LLC and GL companies

Although creating and maintaining a corporation or LLC will likely be more complex and expensive than creating a sole proprietorship or partnership, it can be worth it for your small business depending on the type of work you plan to do. Perhaps the main reason you would want to organize your business as an LLC or corporation is to protect yourself from any personal liability that may arise from your small business business.

Although LLCs and corporations are similar in many respects, what really sets a corporation apart from other types of business structures is that a corporation is its own legal and tax entity. A corporation pays its own taxes on any profits it holds, and the owners of a corporation only pay income taxes on the money they take out of the corporation in the form of wages, dividends, and bonuses.

An LLC, like a corporation, provides limited liability to LLC owners for business liabilities, including debts, lawsuits, and others. When the LLC differs from a corporation, however, it is in terms of taxes. Unlike a corporation, an LLC is not its own separate taxable entity, and owners of the LLC must pay personal income taxes on their share of the profits that the LLC maintains during the tax year.

Organizing your business as a corporation or an LLC makes sense in two situations. First, if the business engages in dangerous activity that makes it more prone to being sued, or if the business has the potential to accumulate large amounts of debt, then a corporation or LLC may be a good idea to protect owners of personal liability. Second, if any of the business owners have large amounts of personal assets that they want to protect from any potential liability associated with the business, a corporation or LLC might be the best option.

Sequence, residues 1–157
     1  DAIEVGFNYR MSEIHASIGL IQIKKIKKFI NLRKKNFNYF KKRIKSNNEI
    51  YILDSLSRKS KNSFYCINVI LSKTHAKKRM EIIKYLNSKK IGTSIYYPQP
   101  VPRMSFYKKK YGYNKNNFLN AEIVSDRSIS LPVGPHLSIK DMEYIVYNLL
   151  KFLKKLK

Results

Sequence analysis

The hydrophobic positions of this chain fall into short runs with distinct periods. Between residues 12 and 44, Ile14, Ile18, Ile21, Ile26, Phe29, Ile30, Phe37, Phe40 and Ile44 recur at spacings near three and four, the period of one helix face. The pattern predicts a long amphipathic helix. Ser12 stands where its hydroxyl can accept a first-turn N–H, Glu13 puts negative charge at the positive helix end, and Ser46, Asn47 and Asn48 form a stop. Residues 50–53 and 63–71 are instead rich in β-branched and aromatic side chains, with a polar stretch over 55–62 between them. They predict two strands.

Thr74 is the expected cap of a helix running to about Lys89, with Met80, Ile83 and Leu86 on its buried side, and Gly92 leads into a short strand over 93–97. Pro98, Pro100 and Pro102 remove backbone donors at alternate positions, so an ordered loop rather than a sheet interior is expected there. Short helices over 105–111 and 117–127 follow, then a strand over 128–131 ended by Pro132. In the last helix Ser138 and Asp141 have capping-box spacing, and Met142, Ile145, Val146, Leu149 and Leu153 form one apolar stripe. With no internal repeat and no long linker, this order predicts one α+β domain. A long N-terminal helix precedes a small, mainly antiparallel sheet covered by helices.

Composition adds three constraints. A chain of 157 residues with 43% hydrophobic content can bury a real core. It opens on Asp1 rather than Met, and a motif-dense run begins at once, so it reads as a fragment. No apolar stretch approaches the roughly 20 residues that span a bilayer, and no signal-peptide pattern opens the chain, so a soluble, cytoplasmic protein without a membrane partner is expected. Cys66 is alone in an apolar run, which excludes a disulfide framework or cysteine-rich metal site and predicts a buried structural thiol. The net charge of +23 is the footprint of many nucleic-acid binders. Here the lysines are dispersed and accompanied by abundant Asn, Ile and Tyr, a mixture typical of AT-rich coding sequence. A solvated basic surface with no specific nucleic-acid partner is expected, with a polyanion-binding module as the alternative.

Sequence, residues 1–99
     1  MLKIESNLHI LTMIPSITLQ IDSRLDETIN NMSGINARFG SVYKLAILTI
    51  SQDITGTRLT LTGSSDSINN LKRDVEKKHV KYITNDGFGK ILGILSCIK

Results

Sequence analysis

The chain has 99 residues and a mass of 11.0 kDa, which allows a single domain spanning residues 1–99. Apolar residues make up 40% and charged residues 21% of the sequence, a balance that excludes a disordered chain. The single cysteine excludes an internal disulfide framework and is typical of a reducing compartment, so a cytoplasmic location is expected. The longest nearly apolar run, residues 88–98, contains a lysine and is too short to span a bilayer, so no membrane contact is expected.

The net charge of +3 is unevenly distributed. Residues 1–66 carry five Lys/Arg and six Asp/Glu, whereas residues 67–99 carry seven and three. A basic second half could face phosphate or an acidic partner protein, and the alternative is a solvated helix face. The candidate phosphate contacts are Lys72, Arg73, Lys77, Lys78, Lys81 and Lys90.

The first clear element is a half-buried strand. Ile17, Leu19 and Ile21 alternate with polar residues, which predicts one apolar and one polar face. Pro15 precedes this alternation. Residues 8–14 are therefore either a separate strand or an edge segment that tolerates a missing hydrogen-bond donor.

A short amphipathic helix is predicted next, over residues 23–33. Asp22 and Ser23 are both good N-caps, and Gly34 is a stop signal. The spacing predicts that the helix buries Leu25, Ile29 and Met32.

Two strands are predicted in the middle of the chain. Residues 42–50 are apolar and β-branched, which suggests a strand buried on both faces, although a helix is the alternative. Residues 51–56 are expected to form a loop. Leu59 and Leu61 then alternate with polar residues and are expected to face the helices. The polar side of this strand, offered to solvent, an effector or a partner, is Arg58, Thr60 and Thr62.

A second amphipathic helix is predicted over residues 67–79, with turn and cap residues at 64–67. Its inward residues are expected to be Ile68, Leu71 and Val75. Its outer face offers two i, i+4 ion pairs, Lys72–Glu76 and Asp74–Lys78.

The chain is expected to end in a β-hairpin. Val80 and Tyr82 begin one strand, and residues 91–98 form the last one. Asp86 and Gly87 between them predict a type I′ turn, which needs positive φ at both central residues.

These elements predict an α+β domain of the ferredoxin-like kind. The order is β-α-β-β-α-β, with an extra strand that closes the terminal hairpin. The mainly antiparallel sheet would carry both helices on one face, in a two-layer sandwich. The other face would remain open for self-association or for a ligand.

Non-profit corporations

A non-profit corporation is simply a corporation that was formed with the intention of carrying out a purpose that is charitable, educational, literary, religious, or scientific. A nonprofit corporation may solicit charitable donations from the public, and may also try to raise funds by seeking private grants from businesses and individuals. One of the greatest benefits to a nonprofit corporation is that money received for charitable purposes is not normally taxed by the federal or state government.

Co-ops

A Co-Op is a business that is more associated with grassroots organizations. These businesses are owned and operated by the Co-Op members in a democratic manner. Most of the time, a Co-Op is made up of consumers who want to create a friendlier place of business. As such, these organizations often spring up in the form of a grocery store or child care center. There are some states that have written laws regarding the setup and operation of Co-Ops. If you would like to know if your state has laws regarding Co-Ops, you should contact your secretary of state.